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Behind in Reserves Educating Owners and Up-to-Date Reserve Study Are Keys to Catching Up

The Harbor Towers, a pair of 40-story residential buildings designed in part by noted architect I.M. Pei, offer some of the most exquisite views of the Boston harborfront and skyline. Once out of place in what was a district of warehouses and parking lots, Harbor Towers, located between the New England Aquarium and Rowe’s Wharf, has become one of the city’s more prestigious residences

.Originally built as “affordable” rental housing, condo units in Harbor Towers now sell from $395,000 to $2.75 million, depending on square footage, number of bedrooms, and floor. It is, in short, swanky. Imagine the owners’ surprise, then, when they were informed this past November that the HVAC system was shot, and that the board was leveling a one-time assessment to pay for the repairs: $75.6 million total, more than twice what it cost to build the complex.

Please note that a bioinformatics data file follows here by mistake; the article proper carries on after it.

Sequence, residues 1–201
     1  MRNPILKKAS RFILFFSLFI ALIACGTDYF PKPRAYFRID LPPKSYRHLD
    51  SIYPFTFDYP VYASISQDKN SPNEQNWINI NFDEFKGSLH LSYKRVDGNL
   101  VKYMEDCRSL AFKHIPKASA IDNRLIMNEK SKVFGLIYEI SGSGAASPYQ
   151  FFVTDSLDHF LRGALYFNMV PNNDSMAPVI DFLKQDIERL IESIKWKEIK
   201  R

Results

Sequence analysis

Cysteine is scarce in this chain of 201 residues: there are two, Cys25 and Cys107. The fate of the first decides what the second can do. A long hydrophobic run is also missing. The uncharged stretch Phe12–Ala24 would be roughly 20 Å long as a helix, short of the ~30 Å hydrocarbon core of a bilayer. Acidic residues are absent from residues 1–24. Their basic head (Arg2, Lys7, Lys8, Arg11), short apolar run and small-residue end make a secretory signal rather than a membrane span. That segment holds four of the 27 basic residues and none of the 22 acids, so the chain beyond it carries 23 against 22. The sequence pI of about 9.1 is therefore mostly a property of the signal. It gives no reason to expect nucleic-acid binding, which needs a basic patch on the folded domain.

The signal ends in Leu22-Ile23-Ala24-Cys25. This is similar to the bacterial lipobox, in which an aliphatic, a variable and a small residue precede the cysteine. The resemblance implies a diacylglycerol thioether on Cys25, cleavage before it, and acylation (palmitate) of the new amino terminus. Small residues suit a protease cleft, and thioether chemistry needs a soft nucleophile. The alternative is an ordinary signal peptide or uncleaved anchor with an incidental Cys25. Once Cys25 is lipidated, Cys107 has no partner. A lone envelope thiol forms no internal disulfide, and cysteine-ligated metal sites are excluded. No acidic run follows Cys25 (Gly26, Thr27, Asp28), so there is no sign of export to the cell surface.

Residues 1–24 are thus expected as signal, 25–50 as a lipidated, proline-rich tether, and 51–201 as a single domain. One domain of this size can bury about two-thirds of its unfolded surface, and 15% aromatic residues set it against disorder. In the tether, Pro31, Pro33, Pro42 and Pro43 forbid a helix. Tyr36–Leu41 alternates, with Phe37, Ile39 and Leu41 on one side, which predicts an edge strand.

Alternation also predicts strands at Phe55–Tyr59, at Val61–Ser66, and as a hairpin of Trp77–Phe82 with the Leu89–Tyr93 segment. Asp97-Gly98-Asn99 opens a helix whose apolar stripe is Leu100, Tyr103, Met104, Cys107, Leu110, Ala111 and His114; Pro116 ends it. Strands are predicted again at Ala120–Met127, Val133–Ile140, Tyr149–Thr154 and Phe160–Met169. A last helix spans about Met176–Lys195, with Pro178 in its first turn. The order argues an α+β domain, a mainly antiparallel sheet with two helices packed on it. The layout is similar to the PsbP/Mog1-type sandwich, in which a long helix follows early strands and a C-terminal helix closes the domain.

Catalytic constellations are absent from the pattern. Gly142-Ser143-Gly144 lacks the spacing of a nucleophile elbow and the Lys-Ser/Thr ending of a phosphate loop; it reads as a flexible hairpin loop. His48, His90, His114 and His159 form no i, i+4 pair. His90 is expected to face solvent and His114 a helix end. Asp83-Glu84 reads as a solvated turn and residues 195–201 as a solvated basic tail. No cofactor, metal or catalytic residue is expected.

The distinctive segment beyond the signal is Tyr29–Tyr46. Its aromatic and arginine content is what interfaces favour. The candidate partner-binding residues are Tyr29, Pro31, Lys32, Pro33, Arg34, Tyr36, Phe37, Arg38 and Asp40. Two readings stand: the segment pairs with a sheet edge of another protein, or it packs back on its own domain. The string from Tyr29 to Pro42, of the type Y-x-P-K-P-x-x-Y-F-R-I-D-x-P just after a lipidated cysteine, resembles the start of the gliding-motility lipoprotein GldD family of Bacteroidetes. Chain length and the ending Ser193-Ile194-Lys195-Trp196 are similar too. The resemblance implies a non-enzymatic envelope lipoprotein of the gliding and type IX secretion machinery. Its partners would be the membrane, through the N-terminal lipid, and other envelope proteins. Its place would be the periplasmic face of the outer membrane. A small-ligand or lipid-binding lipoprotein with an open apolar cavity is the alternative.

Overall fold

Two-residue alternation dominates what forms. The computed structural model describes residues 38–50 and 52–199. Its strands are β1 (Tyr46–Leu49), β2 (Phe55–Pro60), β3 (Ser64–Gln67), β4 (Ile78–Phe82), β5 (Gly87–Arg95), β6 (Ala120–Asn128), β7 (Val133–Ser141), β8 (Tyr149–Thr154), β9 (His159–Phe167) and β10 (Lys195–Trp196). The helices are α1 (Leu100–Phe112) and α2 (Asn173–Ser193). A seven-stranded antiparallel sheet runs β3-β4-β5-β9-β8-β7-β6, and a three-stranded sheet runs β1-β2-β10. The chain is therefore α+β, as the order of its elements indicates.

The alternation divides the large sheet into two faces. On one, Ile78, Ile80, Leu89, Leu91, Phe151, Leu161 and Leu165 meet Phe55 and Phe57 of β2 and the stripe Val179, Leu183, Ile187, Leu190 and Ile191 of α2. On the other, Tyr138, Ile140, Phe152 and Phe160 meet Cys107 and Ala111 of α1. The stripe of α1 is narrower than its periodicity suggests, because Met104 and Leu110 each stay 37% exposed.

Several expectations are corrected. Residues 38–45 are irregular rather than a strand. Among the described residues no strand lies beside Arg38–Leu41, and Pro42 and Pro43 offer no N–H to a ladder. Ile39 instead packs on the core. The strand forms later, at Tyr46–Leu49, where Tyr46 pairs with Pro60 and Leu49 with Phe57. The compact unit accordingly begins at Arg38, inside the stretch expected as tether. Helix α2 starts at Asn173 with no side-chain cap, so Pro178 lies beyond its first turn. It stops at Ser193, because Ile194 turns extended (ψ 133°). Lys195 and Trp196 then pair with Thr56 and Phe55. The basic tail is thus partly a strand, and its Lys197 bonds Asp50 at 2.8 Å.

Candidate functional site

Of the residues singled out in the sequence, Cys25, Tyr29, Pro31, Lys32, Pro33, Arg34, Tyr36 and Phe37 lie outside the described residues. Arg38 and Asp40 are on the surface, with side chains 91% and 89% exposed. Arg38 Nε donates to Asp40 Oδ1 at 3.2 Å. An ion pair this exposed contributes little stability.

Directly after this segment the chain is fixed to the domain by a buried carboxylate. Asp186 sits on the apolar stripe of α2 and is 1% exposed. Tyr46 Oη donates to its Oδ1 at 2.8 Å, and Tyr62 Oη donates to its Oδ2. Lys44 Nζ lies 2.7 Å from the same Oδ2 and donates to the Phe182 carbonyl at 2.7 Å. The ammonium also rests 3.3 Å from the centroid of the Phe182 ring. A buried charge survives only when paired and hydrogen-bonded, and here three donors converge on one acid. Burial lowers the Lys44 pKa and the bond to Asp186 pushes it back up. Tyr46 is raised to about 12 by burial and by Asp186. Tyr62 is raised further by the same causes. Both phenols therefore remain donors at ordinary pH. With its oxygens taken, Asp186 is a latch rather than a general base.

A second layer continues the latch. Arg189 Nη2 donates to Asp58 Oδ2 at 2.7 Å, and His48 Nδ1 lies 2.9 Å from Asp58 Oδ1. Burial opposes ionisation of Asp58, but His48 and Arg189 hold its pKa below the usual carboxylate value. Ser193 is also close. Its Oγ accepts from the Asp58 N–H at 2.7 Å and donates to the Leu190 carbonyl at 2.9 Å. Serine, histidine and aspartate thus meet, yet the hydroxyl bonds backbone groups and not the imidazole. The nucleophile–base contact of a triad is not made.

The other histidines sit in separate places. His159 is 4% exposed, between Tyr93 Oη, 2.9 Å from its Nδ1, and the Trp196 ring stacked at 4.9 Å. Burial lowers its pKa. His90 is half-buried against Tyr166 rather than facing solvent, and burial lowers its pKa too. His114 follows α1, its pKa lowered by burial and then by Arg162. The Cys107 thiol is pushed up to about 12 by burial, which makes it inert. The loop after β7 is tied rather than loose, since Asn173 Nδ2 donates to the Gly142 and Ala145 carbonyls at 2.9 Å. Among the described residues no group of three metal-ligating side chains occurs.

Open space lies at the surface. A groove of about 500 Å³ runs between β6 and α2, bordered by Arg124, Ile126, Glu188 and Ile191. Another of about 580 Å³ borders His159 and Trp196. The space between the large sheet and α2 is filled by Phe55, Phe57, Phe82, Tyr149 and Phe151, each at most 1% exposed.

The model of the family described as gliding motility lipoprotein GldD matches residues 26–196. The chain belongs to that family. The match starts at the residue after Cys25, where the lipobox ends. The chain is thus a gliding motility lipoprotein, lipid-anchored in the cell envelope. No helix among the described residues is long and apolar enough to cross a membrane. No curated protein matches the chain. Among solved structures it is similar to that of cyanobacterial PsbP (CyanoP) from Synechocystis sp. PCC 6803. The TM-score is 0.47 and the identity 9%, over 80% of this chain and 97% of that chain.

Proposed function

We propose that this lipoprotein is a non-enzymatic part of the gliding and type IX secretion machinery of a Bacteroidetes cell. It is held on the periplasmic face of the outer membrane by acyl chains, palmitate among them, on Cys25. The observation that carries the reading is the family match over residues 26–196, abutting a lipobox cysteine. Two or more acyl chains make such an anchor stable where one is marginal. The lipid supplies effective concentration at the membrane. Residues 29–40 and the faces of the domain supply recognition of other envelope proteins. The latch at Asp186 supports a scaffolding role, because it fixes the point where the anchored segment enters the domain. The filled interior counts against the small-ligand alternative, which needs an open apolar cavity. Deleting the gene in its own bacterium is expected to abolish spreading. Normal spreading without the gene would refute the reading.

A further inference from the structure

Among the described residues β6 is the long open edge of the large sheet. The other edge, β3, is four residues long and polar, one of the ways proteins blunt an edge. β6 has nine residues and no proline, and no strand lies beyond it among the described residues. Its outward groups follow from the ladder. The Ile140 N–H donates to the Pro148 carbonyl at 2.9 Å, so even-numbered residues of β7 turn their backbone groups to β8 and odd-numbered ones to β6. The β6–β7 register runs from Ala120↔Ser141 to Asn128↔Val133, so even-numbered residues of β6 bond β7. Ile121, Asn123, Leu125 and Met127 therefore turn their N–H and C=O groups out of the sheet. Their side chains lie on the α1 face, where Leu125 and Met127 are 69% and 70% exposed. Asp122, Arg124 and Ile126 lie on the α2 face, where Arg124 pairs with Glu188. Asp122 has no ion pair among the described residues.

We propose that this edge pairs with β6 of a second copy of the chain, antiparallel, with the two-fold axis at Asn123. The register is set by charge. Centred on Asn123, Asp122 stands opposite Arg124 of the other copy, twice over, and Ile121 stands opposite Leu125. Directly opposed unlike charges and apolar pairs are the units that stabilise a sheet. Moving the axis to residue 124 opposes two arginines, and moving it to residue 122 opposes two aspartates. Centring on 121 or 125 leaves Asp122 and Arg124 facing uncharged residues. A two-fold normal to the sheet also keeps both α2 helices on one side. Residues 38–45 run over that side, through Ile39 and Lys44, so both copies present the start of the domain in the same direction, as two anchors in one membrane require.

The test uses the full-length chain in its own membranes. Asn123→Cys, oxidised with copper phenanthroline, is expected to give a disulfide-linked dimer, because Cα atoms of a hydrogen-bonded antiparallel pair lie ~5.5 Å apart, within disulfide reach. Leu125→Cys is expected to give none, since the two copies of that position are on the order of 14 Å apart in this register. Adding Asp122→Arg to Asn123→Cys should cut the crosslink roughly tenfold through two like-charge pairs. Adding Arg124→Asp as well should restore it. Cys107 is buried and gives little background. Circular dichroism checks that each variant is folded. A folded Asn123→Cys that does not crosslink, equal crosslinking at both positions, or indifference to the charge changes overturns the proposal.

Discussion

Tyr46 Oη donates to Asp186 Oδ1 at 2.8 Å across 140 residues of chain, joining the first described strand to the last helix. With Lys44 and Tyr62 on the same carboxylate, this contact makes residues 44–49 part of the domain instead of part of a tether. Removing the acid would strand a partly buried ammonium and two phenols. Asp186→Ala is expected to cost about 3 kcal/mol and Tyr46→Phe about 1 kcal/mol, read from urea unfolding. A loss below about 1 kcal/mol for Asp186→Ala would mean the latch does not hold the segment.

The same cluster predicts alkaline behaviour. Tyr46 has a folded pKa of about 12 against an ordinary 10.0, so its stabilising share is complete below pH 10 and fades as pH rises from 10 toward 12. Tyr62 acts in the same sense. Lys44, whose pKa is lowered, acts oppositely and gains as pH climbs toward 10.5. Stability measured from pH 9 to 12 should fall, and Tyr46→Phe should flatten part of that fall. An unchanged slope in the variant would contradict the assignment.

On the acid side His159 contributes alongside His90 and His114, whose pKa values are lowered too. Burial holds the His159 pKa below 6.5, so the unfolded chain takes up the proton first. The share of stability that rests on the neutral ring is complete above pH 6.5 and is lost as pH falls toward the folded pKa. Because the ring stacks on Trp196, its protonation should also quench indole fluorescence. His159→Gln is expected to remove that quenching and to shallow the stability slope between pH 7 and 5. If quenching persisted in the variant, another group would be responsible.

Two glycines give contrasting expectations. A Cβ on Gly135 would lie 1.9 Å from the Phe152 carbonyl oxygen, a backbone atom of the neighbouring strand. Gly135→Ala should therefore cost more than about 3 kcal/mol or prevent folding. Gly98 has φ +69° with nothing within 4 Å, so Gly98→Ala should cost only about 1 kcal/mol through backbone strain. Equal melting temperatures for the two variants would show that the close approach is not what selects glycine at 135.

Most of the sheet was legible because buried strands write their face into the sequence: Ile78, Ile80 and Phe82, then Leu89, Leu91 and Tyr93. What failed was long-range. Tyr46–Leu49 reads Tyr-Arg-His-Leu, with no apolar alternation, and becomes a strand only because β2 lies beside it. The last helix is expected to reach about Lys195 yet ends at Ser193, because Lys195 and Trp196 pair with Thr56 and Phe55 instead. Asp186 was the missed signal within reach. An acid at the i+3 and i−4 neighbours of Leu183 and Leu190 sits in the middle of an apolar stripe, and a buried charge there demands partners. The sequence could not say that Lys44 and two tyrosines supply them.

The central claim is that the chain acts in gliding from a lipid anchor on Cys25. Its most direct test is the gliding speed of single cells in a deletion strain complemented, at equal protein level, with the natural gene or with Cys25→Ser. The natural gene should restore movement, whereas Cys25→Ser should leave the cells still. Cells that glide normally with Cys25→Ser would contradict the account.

Individual owners faced assessment fees that were estimated at $80 per square foot, and topped $400,000. And they were due, in full, at the end of the month. Happy Thanksgiving.

An extreme example, to be sure, but what happened to Harbor Towers can happen to your condo, if you fall behind in reserves. But how do you determine if you’re behind? And if you’re behind, how do you catch up? If you do have to catch up, how do you get the unit owner support that you will need, and what problems are you likely to face?

Let’s take a look.

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